Oh great. NOW you tell me.

Philip H

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Re: Atlas N Coil Cars
« Reply #22 on: June 27, 2014, 11:39:42 AM »
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And considering that Klein's has them for $19.95 . . . .  :facepalm:
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fredmoehrle

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Re: Atlas N Coil Cars
« Reply #23 on: June 27, 2014, 12:24:37 PM »
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Another point on the China/environmental issue;
Look at what Marklin charges for their cars/loco's.  Germany has adopted a law that states (paraphrased) any overseas factory shipping into Germany must meet the current adopted ISO environmental standard adopted by Germany.
That's why they haven't been flooded by cheep Chinese products.
German government inspectors go over to inspect the factories, they don't take their word on it.

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Re: Atlas N Coil Cars
« Reply #24 on: June 27, 2014, 12:33:27 PM »
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Aren't India and some African countries supposed to be the "new China"?
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John

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Re: Atlas N Coil Cars
« Reply #25 on: June 27, 2014, 05:18:27 PM »
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And considering that Klein's has them for $19.95 . . . .  :facepalm:

I know that .. but I rounded up since most other dealers usually charge more thank Kleins .. so $20 street is still getting to the point of no buy for a lot of folks ..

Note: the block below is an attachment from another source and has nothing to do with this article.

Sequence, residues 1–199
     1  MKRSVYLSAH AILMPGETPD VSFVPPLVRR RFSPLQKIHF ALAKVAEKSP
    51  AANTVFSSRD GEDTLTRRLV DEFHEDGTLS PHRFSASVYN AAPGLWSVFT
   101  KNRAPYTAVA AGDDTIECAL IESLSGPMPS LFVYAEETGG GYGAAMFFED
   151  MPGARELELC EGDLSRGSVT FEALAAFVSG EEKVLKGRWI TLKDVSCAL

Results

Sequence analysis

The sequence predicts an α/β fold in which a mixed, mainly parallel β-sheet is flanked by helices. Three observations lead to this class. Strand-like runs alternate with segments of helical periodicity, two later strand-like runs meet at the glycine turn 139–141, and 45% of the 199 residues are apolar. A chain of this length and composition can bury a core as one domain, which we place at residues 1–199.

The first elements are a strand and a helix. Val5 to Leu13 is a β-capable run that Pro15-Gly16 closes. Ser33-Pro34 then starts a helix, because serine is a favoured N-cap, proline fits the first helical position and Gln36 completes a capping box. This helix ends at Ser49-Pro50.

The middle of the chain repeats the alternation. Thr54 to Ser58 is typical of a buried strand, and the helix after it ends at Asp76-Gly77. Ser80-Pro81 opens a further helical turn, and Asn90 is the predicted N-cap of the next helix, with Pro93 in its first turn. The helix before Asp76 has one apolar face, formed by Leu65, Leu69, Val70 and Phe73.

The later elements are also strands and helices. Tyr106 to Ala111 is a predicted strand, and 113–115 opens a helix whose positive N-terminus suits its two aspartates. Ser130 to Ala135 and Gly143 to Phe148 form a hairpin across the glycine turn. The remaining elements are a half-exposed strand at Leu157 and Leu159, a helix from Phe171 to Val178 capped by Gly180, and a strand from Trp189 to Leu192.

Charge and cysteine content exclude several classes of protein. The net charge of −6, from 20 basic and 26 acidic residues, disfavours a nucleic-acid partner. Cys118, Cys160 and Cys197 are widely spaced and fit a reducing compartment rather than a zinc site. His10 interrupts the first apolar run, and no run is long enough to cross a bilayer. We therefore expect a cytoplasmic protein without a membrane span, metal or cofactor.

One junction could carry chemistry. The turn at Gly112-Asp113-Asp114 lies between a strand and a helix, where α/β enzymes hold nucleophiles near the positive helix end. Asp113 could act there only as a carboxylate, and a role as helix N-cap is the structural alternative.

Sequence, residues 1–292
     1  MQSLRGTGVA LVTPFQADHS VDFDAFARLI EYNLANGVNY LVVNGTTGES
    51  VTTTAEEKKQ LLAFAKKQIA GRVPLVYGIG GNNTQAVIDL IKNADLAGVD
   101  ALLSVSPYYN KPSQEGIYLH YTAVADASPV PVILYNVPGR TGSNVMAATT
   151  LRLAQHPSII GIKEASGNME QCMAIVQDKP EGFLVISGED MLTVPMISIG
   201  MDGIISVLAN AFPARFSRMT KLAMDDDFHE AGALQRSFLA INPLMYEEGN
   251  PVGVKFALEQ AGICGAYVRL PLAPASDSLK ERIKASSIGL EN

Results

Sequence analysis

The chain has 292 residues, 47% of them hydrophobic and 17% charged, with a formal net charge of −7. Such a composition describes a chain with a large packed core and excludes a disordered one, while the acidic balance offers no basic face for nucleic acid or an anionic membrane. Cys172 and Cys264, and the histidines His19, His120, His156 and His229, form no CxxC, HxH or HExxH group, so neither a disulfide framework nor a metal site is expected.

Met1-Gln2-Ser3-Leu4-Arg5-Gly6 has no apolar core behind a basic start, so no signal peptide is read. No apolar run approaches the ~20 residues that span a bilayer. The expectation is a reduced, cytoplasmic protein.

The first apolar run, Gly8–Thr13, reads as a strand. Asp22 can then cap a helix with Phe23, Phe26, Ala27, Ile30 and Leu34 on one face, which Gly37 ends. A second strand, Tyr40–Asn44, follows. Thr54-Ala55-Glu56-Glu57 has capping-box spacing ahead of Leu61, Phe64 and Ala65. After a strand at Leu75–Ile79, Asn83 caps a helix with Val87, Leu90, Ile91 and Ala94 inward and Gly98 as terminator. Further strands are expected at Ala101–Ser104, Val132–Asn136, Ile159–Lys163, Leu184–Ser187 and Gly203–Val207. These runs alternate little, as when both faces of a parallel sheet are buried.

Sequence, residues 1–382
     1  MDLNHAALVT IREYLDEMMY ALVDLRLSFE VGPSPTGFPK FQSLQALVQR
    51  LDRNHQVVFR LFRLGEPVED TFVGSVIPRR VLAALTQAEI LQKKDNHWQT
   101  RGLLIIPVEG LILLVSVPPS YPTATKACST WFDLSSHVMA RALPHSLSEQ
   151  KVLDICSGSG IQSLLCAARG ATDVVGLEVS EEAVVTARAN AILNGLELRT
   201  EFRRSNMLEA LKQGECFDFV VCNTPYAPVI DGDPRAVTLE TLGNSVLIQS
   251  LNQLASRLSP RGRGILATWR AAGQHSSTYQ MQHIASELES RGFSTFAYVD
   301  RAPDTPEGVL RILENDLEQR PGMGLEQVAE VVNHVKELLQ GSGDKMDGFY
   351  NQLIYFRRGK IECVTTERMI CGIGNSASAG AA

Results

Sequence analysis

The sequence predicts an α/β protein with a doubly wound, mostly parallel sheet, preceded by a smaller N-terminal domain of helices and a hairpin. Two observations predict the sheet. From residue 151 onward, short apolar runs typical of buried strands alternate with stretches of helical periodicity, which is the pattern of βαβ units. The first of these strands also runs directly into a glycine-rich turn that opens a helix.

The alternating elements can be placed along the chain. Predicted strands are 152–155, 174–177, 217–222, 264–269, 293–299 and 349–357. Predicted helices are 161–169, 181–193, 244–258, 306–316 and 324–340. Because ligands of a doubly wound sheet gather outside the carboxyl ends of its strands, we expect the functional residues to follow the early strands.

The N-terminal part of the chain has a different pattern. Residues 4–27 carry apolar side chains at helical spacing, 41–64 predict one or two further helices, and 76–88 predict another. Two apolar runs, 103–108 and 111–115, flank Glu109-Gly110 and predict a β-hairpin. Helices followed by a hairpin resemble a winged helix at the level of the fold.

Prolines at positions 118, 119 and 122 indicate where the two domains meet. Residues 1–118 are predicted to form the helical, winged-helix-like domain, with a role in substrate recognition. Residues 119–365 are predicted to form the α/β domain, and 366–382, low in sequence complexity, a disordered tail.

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Re: Atlas N Coil Cars
« Reply #26 on: June 27, 2014, 07:07:08 PM »
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Another point on the China/environmental issue;
Look at what Marklin charges for their cars/loco's.  Germany has adopted a law that states (paraphrased) any overseas factory shipping into Germany must meet the current adopted ISO environmental standard adopted by Germany.
That's why they haven't been flooded by cheep Chinese products.
German government inspectors go over to inspect the factories, they don't take their word on it.

And, at the same time, Germany is a creditor nation in Europe. Hmm...

nkalanaga

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Re: Atlas N Coil Cars
« Reply #27 on: June 28, 2014, 12:25:54 AM »
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Rich:  True, sulfur is a big part of the coal issue.  But regional utilities themselves have said that the Wyoming coal is enough cheaper to make a difference, even for plants with scrubbers that can handle the extra sulfur.

And, no, oil isn't the only major issue, but it is a factor.  My point was that there are a LOT of reasons prices are going up, not just one or two that make the news/commentary regularly.
N Kalanaga
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Chris333

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Re: Atlas N Coil Cars
« Reply #28 on: June 28, 2014, 02:24:50 AM »
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From expensive model trains to cheap coal. Like sands in the hourglass.  :trollface:

Kisatchie

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Re: Atlas N Coil Cars
« Reply #29 on: June 28, 2014, 10:29:22 AM »
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From expensive model trains to cheap coal. Like sands in the hourglass.  :trollface:

Dee is another day older and deeper in debt...



Hmm... coal is so cheap, I
just bought 16 tons of it...




« Last Edit: June 28, 2014, 10:33:45 AM by Kisatchie »